Sunday, August 23, 2009


Antoine Vollon (1833-1900) Salt water Fish nd
van Raay, Xerographic Fishwork, 1977

Francisco Toledas 2002 Peces y Camarones

As we continue to learn about art through food images, few sources are more varied than the sea, our rivers and even a few ponds.

But beyond the creatures themselves (and their cousins in shells), artists have studied and created quiet wharves and beaches, fish mongers' stalls, fishing craft, tempestuous fishing at sea, and the river's bounty, which is simply supper.

David Smith's Hudson River Landscape is subtle in its depiction of palisades and rolling hills but also the inclusion of that river's abundance, such as the annual shad runs in June. The Cape Dorset culture incorporates its traditional legends and myths into visual arts
. And Simone Reis, a vibrant young Brazilian artist, thrives on color and mixed natural media.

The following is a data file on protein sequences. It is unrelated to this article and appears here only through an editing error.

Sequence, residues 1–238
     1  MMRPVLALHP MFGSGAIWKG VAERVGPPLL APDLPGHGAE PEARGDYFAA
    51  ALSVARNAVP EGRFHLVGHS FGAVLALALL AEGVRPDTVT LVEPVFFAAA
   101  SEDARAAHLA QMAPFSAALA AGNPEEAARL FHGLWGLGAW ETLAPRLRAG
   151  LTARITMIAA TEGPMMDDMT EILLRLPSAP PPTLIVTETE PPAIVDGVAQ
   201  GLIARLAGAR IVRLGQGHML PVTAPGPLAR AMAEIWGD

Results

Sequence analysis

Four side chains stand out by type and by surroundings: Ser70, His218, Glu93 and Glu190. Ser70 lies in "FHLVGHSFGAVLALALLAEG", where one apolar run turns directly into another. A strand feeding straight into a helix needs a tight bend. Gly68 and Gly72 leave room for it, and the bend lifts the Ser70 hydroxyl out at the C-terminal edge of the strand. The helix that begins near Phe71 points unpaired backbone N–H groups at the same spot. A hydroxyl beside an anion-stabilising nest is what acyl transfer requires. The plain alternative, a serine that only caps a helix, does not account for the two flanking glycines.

Mialia Jaw (1936-207), Ancient Vision, 2006 (etching, aquatint) Cape Dorset, Nunavut Territory, Canada.

Since the 1950s Cape Dorset art (prints, carving) has been capturing nature in its mythic interpretations. often transparent or x-ray styles, to intensify the belief in the blending of spirits.

David Smith (Decatur, IND, 1906-1965) Hudson River Landscape, 1951 (Welded painted steel and stainless steel)

Simone Reis (Brazil, 1967) Fish Series, no 274 (acrylic on canvas)

Jack Spencer, Man with Fish, Como, Mississippi, 1995 (Silver gelatin Print)
Born in Kosciusko, Mississippi, and raised in Louisiana, Spencer is at home in that regions waterways and the fish food. He is the author of the novel, Native Soil, 1999.

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